Liz encourages parents with non-binary children to ask respectful questions. "Questions are totally ok! This is new, and you are not expected to know everything. Of course, when it comes to sexual orientation and gender identity, we’re dealing with some very personal topics, and a level of tact is essential. This is not the time to press for information because your child might not actually have figured out the answers to some of your questions yet, and they may feel quite vulnerable about that," says Liz.

Educate yourself on important topics

Another great tip is the importance of self-education. "Don’t rely on your child to fill the gaps in your education on sexual orientation or gender identity topics. Do your own research. Your engagement in learning more on your own will not only help you get informed, but it will demonstrate to your child that you are invested in supporting them," comments Liz.

Sharing pronouns with your children

Liz suggests that parents should their pronouns with their children. "Regardless of the pronouns your child uses, get in the habit of sharing your own pronouns with others when you introduce yourself. It will give those you meet the opportunity to share their pronouns, and it will demonstrate to your child your respect for and interest in learning how other people identify themselves," says Liz.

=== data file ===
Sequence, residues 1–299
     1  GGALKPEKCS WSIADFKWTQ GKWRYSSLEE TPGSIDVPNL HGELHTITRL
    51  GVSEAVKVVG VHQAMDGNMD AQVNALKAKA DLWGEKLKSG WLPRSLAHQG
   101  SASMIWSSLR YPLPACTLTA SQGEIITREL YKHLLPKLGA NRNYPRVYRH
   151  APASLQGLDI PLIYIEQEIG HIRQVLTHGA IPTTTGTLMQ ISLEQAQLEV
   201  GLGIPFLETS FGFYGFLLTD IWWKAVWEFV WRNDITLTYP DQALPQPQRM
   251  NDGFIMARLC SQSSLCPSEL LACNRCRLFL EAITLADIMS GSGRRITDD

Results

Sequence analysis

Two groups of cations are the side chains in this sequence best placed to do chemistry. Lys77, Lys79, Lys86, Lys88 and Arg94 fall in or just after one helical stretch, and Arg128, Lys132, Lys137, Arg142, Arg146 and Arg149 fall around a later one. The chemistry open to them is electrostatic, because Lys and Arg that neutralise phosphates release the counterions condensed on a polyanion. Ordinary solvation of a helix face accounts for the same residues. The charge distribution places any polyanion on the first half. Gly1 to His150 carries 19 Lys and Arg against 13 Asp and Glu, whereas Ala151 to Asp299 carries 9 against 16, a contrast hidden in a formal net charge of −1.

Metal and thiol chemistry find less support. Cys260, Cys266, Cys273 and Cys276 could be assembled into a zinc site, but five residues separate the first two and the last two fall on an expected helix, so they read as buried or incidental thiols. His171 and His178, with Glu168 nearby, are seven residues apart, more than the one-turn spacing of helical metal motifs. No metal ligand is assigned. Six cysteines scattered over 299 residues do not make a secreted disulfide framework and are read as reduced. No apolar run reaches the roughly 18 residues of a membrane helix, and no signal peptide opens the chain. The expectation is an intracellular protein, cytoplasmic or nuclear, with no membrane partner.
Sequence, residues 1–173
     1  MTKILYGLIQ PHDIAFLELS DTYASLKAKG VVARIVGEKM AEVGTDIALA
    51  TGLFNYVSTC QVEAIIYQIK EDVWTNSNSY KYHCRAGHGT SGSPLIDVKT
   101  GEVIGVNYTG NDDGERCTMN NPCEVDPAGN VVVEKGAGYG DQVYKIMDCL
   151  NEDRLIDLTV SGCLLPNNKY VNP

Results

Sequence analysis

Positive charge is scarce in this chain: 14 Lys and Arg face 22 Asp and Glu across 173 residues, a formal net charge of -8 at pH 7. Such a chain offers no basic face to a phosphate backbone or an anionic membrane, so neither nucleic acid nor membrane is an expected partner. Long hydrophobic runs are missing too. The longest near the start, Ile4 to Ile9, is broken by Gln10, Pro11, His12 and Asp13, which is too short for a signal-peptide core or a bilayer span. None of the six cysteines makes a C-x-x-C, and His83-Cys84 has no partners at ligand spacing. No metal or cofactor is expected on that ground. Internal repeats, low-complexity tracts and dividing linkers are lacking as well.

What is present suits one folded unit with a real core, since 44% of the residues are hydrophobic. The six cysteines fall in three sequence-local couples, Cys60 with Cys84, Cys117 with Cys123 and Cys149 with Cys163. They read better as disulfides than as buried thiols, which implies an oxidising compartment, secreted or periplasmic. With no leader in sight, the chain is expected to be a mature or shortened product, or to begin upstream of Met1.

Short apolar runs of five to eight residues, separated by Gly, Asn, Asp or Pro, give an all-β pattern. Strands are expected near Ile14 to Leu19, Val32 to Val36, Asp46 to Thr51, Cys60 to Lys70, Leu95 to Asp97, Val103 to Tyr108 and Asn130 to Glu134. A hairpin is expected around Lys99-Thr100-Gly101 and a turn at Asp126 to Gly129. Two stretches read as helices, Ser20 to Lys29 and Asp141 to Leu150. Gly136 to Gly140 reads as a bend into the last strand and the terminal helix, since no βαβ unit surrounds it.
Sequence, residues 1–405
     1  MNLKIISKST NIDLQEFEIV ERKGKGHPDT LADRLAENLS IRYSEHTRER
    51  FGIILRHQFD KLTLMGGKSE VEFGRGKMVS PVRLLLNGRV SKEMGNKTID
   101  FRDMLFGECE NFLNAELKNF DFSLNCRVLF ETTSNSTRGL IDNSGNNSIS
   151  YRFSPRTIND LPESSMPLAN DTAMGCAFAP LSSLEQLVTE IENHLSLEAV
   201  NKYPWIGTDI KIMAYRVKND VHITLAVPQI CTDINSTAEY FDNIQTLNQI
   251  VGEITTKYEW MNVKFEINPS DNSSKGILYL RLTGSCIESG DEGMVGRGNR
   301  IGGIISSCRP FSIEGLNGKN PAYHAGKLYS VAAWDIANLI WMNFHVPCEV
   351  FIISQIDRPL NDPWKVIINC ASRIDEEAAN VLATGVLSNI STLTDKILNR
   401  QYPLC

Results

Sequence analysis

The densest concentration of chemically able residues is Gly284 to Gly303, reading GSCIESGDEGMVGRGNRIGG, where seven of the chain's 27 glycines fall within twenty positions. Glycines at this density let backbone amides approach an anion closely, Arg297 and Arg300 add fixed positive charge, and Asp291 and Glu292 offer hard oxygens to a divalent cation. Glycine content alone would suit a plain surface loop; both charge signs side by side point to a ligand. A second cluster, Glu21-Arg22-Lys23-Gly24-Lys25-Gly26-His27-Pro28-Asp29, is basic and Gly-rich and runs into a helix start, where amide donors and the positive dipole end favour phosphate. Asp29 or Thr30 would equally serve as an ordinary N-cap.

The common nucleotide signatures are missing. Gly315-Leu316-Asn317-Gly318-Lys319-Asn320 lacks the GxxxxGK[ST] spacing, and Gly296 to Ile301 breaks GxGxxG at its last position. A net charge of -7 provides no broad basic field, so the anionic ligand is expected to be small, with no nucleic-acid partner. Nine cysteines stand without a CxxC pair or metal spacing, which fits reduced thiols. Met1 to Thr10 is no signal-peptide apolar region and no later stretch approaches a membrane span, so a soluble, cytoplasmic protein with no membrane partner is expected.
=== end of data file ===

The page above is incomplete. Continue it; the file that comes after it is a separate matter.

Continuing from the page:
Connect with other parents

Liz emphasizes the importance of connecting with other parents. "Learning something new about your child can feel overwhelming, especially if you are trying to work through it on your own. You don’t have to. There are absolutely other parents out there who are in the same place you are. Look for groups within your community or workplace. Even though you fully accept your child for who they are, a little support from fellow parents can go a long way in helping you on those days when you feel like you’re just not getting it right," comments Liz.

Be kind to yourself 

"Be kind to yourself. You love your child; you support them…and sometimes, you are going to mess things up. How many times have I used the wrong pronouns with my child? How long did it take me to finally get comfortable saying their new name? We’re parents. We get things wrong. Please don’t beat yourself up over it. Just regroup and try. This last one isn’t as much a tip as it is a potentially helpful observation," adds Liz.

Remember your role in your child's development

And Liz's final piece of advice: "Things aren’t changing as much as they may initially seem. Depending on how old your child is when they come out, there is still a lot they could need you to teach them about life as they get older. Love is love, and relationships can be complicated, no matter what they look like. Intimacy is intimacy, and entering into an intimate relationship is a big deal, no matter whom your child chooses as a partner. As parents, we have a critical role to play in the emotional development of our children, and that doesn’t change with how they see themselves or whom they choose to love. I hope some of this has been helpful!"